The Fraser River is one of the most important rivers in the world for wild salmon. It is British Columbia’s longest river, carrying spring water all the way from the Rockies to the Strait of Georgia in Vancouver.
Along this river in Delta, BC, is where FortisBC wants to expand its Tilbury LNG plant. If we don’t intervene, this project could have devastating impacts on wild salmon and other endangered fish species which nearby Indigenous communities rely on. LNG (liquefied natural gas) is a known climate disaster too. Not even counting the pollution from the fracking needed to extract the gas, this project would add 49,000 cars worth of carbon emissions to our atmosphere.
FortisBC has applied to the BC Environmental Assessment Office (BC EAO) for a permit to start construction, and they’re accepting public comments about the project until July 16th. We still have a chance to stop the Tilbury LNG expansion in its tracks, but we have to act fast.
This public comment process is our opportunity to point out all the concerning impacts of the Tilbury LNG plant and force the BC EAO to take them seriously. And there are many. The Tilbury LNG expansion and its accompanying jetty could threaten some of the most important salmon runs on the West Coast. It could spell the end for endangered fish like the White Sturgeon, as well as a population of Steelhead fish with a mere 40 adults who returned to spawn this spring. And it would be yet another blow for Southern Resident Killer Whales, whose critical habitat is already threatened by the Trans Mountain pipeline.
Building an LNG plant and marine shipment facility in a location with already significant marine traffic, fragile marine species, in close proximity to an airport and a densely populated community would not be allowed in the U.S. But we don’t have those same legal protections here in B.C.
The Tilbury LNG plant will keep its damage local but wants to export its production overseas. The rest of it will be sold as ship fuel. Though deceptively marketed as a climate solution, LNG is not a climate-friendly fuel. LNG is fracked gas, primarily made up of methane – a potent greenhouse gas that traps far more heat than the same amount of CO2. So when plants and marine engines leak LNG, they’re leaking methane. Research shows that using LNG for ship fuel can actually be worse for the climate than the dirty fuel currently being used around the world. Meanwhile, companies around the world are moving away from oil and gas, with LNG projects in Canada already relying heavily on taxpayer funded subsidies. Further investment in fossil fuel infrastructure is not right for the climate or the economy.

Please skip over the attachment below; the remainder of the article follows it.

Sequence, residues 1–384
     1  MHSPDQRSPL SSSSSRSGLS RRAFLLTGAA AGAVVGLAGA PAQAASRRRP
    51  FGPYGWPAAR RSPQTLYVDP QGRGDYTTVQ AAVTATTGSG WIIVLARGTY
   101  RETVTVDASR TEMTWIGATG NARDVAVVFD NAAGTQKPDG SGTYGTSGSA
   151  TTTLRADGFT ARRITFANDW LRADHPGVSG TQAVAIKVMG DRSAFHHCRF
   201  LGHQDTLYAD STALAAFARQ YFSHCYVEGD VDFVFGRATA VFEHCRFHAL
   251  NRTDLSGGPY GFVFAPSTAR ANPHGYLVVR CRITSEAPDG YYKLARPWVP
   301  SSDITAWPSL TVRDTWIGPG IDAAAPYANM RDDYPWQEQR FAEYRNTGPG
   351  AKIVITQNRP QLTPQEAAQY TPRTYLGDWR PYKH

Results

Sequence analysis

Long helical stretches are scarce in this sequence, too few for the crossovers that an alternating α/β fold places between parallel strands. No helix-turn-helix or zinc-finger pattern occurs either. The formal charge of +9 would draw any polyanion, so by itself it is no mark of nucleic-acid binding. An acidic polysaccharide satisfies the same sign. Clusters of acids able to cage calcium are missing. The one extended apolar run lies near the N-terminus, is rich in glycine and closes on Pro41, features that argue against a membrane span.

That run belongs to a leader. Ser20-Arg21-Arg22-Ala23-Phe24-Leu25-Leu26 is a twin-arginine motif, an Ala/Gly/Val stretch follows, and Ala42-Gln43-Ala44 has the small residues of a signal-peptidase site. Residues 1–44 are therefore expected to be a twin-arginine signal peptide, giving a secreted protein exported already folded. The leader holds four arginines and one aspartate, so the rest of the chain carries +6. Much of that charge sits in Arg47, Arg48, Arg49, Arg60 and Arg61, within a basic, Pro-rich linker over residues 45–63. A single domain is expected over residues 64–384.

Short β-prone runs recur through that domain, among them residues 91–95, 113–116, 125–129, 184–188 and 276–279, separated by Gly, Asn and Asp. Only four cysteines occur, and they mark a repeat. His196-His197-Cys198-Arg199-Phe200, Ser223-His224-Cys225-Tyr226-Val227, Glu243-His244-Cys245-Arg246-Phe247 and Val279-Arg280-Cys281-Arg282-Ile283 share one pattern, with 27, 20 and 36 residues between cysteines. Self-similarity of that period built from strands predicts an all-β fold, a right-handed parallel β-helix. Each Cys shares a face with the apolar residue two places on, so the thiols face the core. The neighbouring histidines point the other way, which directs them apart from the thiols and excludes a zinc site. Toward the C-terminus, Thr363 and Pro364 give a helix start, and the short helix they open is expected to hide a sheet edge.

This initial public consultation by the BC EAO will shape the environmental assessment that Tilbury LNG will have to pass to secure a permit. But if the BC EAO isn’t flooded with comments raising the alarm about this proposal, the majority of these impacts could fly under the radar. We can’t stand by and allow this project to be quietly approved.
Earlier this year, I witnessed what this community was capable of when Stand.earth members played an integral role in winning the campaign to stop the Teck tar sands mine proposal. Thanks to every single one of you who signed petitions, made phone calls, donated, sent letters and more – what was once a little known mine proposal soon became a political hot potato for the federal government. Now that we’re up against a proposal for yet another climate-wrecking fossil fuel project, it’s time to rinse and repeat that winning strategy.
Thank you for speaking up about the dangerous Tilbury LNG proposal. This is just the beginning of our fight to expose LNG for what it truly is: another climate catastrophe. And I can’t wait to continue this work together.
Niki Sharma, Lawyer and Senior Oil and Gas Campaigner, Stand.earth